Leon Botstein brings a renowned career as both a conductor and educator to his role as music director of The Orchestra Now. He has been music director of the American Symphony Orchestra since 1992, artistic co-director of Bard SummerScape and the Bard Music Festival since their creation, and president of Bard College since 1975. He was the music director of the Jerusalem Symphony Orchestra from 2003–11 and is now conductor laureate. In 2018, he assumed artistic directorship of Campus Grafenegg and Grafenegg Academy in Austria. Mr. Botstein is also a frequent guest conductor with orchestras around the globe, has made numerous recordings, and is a prolific author and music historian. He is editor of the prestigious The Musical Quarterly and has received many honors for his contributions to music. More info online at LeonBotstein.com.

 

Press Contacts
Pascal Nadon
Pascal Nadon Communications
Phone: 646.234.7088
Email: pascal@pascalnadon.com

Mark Primoff
Associate Vice President of Communications
Bard College
Phone: 845.758.7412
Email: primoff@bard.edu

 

# # #

THE ORCHESTRA NOW LIVESTREAMS TWO FREE CONCERTS FROM THE FISHER CENTER AT BARD WITH CONDUCTORS ANDRÉS RIVAS AND ZACHARY SCHWARTZMAN MARCH 7 AND 20, 2021

Annandale-on-Hudson, NY, February 26, 2021The Orchestra Now (TŌN) continues its spring 2021 season with two free concerts livestreamed from the Fisher Center at Bard, featuring assistant conductor Andrés Rivas on March 7, and resident conductor Zachary Schwartzman on March 20. Works on both concerts, ranging from rarely performed music for string orchestra to Vivaldi’s Concerto in G minor, Arvo Pärt’s memorial for composer Benjamin Britten and Shchedrin’s Carmen Suite after Bizet’s beloved opera, will be prefaced with brief remarks by TŌN musicians.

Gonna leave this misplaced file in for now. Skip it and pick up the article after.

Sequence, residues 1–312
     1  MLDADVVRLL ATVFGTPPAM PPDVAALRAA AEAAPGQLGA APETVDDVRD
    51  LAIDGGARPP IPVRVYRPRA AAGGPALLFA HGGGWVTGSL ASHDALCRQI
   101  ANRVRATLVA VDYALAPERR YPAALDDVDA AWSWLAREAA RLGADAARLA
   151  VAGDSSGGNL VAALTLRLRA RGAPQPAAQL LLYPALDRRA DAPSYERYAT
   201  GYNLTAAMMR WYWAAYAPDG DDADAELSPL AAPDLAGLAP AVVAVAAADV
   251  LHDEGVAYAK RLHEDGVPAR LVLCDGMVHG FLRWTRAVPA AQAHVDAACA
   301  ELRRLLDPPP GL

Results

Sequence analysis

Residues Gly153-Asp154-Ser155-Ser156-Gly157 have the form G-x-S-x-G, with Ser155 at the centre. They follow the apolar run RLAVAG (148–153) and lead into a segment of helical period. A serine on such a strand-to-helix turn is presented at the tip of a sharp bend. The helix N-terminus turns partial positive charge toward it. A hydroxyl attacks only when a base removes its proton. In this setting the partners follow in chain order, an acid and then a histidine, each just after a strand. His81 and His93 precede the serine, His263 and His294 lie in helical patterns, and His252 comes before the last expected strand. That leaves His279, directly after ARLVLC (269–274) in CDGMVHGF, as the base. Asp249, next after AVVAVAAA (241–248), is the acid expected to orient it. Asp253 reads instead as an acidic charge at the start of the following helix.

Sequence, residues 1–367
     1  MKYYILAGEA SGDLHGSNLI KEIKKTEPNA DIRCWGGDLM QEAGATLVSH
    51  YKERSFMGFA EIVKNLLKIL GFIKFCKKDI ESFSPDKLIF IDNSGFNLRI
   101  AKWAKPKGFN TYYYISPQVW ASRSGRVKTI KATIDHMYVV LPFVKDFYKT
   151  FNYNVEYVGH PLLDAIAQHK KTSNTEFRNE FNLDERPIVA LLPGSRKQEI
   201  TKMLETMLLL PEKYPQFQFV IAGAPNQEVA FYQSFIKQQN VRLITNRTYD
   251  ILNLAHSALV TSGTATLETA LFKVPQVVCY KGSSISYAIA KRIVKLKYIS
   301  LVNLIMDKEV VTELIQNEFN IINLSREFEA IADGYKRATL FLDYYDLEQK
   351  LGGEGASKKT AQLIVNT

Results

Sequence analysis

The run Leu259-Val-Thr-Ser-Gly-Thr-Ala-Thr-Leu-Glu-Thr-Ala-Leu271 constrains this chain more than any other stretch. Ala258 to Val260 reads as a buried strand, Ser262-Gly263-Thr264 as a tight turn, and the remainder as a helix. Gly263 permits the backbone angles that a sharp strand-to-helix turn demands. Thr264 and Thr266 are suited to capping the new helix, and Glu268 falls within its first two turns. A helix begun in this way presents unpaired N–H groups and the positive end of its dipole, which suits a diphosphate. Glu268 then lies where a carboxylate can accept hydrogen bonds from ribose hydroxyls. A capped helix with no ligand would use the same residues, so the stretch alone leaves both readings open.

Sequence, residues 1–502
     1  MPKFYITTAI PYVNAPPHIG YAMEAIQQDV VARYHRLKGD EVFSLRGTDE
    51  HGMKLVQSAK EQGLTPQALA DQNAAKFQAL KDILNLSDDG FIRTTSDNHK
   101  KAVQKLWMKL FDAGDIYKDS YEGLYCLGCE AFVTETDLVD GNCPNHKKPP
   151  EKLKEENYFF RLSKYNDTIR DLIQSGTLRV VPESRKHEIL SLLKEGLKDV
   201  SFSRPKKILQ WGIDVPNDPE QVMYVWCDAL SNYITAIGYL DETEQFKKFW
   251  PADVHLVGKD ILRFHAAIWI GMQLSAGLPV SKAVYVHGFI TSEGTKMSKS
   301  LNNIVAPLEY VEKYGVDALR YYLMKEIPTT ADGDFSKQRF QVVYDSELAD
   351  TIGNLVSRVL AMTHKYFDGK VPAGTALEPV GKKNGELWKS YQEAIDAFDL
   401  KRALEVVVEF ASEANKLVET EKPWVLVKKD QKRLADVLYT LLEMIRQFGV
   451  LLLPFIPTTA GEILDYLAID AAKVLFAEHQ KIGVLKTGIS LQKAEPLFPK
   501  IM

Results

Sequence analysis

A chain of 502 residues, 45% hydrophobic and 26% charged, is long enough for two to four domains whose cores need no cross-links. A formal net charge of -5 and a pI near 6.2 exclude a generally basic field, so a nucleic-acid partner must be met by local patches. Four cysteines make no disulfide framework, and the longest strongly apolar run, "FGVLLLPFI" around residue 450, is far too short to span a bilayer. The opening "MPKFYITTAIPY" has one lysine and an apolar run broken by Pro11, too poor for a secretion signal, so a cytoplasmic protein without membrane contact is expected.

On March 7, TŌN assistant conductor Andrés Rivas will lead the Orchestra in four works for string orchestra. English composer Bruce Montgomery used his talents in several genres. After starting out as a composer of choral and vocal music, he wrote a number of TV and film scores for the infamous British comedy series Carry On and authored a series of mystery novels under the pseudonym Edmund Crispin. His Concertino for String Orchestra will be performed as part of the program. American composer and cellist Victor Herbert, a founder of ASCAP, was primarily known for his many successful Broadway operettas, but also wrote a collection of seldom-heard orchestral works, including his Romantic five-movement Serenade for String Orchestra. In addition, the concert will offer Music for Strings by Swedish composer Ingvar Lidholm, who won the 1968 Salzburg Opera Prize for his TV opera Holländarn (“The Dutchman”); and the 1934 piece Impresión nocturna from award-winning Spanish composer and violinist Andrés Gaos, whose rarely heard works often have elements of popular music. Venezuelan conductor and violinist Andrés Rivas, given the baton by Gustavo Dudamel for a concert celebrating the 36th anniversary of El Sistema in Venezuela, will explore the program in a special Zoom seminar on Monday, March 1 at 7 PM.

On March 20, TŌN resident conductor Zachary Schwartzman will lead an arrangement of orchestral music from Bizet‘s classic opera Carmen by Russian composer Rodion Shchedrin in advance of his 90th birthday in December 2022. Noted for his wide-ranging compositional style, Shchedrin’s works display components spanning the avant-garde and neo-Classicism as well as folk and jazz. His music for the Carmen Suite is a one-act ballet composed for his wife, a prima ballerina. The program will also feature Swiss composer Frank Martin’s most recognized work, Petite symphonie concertante; Arvo Pärt’s Cantus for string orchestra and bell, written in memory of composer Benjamin Britten, whom Pärt very much admired; and Vivaldi’s Concerto for Strings in G minor. Conductor and Grammy-nominated recording artist Zachary Schwartzman will offer musical insights on the concert in a Zoom seminar on Thursday, March 11 at 7 PM.